VAT fraud and changing bank details

This is just as a quick reminder regarding a common VAT fraud which has been around since last year, but which appears to be on the rise again.

The fraud is commonly known as “Change of banking details” and this is where the fraudsters pretend to be real and legitimate suppliers to obtain payments or repayments of VAT meant for others. The fraudsters are getting smarter and smarter each day and therefore it’s important for companies to stay alert and put the right protections in place.

How does the VAT fraud work?

The fraudsters send fake emails or documents to a company or HMRC, claiming to be from a legitimate supplier. They say the supplier’s bank details have changed and ask the company or HMRC to use the new ones for future payments.

The details are then updated in the system and the next payment goes straight into the fraudsters’ pockets. By the time the real supplier realises they haven’t been paid, the fraudsters have vanished with the funds.

In the case of HMRC the data is taken from a form VAT484.

This fraud has also been known to come from inside the company. Fraudsters have been known to hack into an employee’s email and using it to trick colleagues into changing the payment details and this is also happening with the repayment of VAT.

Here are some warning signs to look out for:

  • weird spelling or bad grammar in emails about bank details,
  • strange phone numbers,
  • blurry email signatures.

Even a slightly different email address should raise suspicion. Be very careful with email addresses. Look for additional small letters, which you might otherwise overlook or not notice i.e. v, it is easy to miss!

We also know of a case where a real and legitimate email address was used but the emails were being intercepted, please be extra vigilant.

To protect yourself, always double-check your banking details and check any changes to banking details by calling the supplier direct to re-confirm. Make sure you use a phone number you already have, not one from a suspicious email or even a webpage (these are also created by fraudsters to make the business look legitimate) Remember, don’t make any changes until you’re 100% sure it’s legitimate and valid.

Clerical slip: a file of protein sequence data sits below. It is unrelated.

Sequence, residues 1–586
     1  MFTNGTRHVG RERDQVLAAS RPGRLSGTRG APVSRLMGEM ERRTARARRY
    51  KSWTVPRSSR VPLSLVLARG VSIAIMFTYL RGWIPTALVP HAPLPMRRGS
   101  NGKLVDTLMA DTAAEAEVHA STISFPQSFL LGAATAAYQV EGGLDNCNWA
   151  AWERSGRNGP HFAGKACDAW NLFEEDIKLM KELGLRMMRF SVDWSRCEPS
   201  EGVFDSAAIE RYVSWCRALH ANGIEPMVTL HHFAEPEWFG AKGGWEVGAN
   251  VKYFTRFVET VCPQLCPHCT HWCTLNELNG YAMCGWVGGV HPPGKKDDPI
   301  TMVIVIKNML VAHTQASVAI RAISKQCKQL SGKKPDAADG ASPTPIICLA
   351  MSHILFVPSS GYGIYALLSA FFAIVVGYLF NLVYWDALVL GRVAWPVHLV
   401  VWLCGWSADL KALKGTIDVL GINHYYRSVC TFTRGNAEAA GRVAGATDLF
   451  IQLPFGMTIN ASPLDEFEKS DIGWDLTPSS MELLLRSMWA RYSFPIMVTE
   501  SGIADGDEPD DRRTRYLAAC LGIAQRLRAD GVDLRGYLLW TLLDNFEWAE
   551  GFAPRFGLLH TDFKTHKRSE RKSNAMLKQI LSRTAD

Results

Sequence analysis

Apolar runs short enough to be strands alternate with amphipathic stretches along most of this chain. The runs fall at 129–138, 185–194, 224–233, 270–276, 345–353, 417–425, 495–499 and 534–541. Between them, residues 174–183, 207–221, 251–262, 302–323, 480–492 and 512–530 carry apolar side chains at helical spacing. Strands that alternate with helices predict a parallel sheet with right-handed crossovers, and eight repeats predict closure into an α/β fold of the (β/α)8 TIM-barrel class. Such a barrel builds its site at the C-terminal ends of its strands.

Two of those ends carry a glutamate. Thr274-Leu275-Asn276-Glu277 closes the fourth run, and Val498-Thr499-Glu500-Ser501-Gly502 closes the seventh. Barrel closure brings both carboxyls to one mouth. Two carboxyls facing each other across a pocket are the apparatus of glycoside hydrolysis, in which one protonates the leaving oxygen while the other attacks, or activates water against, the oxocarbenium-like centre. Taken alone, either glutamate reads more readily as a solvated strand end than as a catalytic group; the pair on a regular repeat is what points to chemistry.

Since writing this post, we have had an update from HMRC.  HMRC have confirmed that they are aware of a spate of fraudulent changes to taxpayers’ bank account details. Where they had identified these, they have dealt with them, but had not thought it necessary to let the taxpayer know.

Going forward, it seems that there is a plan from HMRC to withdraw the pdf version of Form VAT484 and that, until they do, they are now asking Large Business ‘customers’ to confirm that any requested changes are genuine.  This, of course, assumes that the fraud has been specifically targeted at larger businesses, and that it has relied exclusively on the pdf form. 

If, as we have been reading the vast majority of fraud cases involve smaller businesses and HMRC will not necessarily tell them if they identify what might be a fraudulent change of banking details. HMRC have added that they would like to hear about all known instances of the fraud, by reference to the affected VAT registration number.  If you believe that your business has been targeted do report this to HMRC so they can take any action they think necessary.

If we all stay one step ahead, we can help prevent VAT fraud and fraud like this happening on a regular basis. If you believe you have been party to a VAT repayment fraud, you should report this to HMRC.

If you would like to speak to a member of RPGCC’s VAT advisory team about any area of VAT or our tax team about any area of personal tax or corporate tax, please contact us on 020 7870 9050.

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